Trust and Reciprocity: Implications of Game Triads and Social Contexts
AbstractTrust and reciprocity have been observed in experiments with simple stylized games. Such characteristics of social preferences have been observed to vary with procedures that alter the social environment in an experiment, such as single blind or double blind payoff protocols. This paper reports an experiment on the effects of a change in the social context of an experiment on trust and reciprocity. The strong social context introduces a stylized version of a characteristic of everyday life in large cities: a player in one game knows that other games lie ahead but does not know precisely what those games will turn out to be nor with whom they will be played.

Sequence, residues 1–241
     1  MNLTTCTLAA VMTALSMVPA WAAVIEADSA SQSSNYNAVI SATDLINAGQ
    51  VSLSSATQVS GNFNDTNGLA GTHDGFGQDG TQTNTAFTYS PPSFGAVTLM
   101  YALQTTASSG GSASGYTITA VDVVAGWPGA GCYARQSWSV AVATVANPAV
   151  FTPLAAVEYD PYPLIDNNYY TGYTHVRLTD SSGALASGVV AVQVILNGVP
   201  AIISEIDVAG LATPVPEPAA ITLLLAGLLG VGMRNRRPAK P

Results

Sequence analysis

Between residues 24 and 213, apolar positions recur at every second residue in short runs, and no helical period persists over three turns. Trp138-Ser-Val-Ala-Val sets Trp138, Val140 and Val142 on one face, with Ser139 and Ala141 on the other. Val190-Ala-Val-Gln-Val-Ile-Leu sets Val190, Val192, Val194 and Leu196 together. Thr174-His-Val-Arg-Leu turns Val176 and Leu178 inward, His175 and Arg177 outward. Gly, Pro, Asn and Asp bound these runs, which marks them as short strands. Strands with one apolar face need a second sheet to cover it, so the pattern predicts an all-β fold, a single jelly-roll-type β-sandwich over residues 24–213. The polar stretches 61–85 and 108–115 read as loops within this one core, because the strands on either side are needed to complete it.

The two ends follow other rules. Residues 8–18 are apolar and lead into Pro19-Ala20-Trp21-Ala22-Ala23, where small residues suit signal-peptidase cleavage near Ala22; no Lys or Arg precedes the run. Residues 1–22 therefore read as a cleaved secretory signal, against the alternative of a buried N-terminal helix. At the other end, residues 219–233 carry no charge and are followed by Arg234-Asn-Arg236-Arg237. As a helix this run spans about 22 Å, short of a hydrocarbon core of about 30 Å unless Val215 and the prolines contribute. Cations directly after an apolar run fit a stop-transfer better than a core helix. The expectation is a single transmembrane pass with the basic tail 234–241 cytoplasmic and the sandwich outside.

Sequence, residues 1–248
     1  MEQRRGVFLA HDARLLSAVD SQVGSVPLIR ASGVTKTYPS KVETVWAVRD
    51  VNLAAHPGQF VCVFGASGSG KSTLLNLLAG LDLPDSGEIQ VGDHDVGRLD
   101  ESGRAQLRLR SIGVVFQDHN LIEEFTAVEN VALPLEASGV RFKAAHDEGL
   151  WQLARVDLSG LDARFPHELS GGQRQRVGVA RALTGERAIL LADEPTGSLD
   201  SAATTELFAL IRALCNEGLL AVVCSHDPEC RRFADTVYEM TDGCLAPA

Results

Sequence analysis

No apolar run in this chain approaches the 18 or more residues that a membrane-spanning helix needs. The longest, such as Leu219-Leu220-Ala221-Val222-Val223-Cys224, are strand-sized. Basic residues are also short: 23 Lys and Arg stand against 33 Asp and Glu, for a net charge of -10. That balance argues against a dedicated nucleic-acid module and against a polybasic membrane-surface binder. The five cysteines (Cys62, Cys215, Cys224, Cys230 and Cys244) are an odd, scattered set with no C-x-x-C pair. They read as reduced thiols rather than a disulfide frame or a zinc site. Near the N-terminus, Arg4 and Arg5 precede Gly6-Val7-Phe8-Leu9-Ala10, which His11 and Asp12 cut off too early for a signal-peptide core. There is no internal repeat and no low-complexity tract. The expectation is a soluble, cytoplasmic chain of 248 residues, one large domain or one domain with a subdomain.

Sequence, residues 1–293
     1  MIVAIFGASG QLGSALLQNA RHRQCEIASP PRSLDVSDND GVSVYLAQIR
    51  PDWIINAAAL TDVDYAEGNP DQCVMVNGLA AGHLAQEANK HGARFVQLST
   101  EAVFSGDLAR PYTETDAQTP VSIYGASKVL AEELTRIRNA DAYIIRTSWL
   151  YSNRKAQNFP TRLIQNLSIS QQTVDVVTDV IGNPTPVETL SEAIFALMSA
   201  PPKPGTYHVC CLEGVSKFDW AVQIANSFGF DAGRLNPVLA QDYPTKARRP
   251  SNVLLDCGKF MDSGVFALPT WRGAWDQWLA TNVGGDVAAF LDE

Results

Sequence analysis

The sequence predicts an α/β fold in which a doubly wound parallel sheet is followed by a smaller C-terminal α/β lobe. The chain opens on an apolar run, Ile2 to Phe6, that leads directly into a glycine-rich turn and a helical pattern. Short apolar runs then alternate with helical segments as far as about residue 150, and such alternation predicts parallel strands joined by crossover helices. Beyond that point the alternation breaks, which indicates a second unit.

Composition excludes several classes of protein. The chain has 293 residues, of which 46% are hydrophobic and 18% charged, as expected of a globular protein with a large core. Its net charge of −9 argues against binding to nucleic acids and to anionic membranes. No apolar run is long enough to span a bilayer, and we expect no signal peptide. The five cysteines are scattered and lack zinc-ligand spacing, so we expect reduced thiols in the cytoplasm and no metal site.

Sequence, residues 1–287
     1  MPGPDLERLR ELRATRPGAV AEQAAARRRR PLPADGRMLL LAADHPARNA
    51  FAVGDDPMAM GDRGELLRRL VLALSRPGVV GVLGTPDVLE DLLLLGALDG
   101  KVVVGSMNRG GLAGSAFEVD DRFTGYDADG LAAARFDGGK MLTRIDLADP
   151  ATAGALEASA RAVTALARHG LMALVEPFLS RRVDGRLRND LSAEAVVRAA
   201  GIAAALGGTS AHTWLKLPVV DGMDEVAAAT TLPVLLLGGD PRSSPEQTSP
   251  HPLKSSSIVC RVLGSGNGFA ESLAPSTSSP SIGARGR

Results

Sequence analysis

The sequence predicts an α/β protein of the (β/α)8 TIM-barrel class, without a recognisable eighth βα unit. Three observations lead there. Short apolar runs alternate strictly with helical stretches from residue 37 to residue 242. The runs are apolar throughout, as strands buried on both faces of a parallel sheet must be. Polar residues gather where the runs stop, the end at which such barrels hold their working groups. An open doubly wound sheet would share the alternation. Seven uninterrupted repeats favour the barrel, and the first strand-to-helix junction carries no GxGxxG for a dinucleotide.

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Bibliographic InfoPaper provided by Experimental Economics Center, Andrew Young School of Policy Studies, Georgia State University in its series Experimental Economics Center Working Paper Series with number 2007-08.
Date of creation: Sep 2007
Date of revision: May 2008
Other versions of this item:
- James Cox, 2009. "Trust and reciprocity: implications of game triads and social contexts," New Zealand Economic Papers, Taylor & Francis Journals, vol. 43(2), pages 89-104.
- NEP-ALL-2007-09-24 (All new papers)
- NEP-CBE-2007-09-24 (Cognitive & Behavioural Economics)
- NEP-EXP-2007-09-24 (Experimental Economics)
- NEP-GTH-2007-09-24 (Game Theory)
- NEP-HPE-2007-09-24 (History & Philosophy of Economics)
- NEP-SOC-2007-09-24 (Social Norms & Social Capital)
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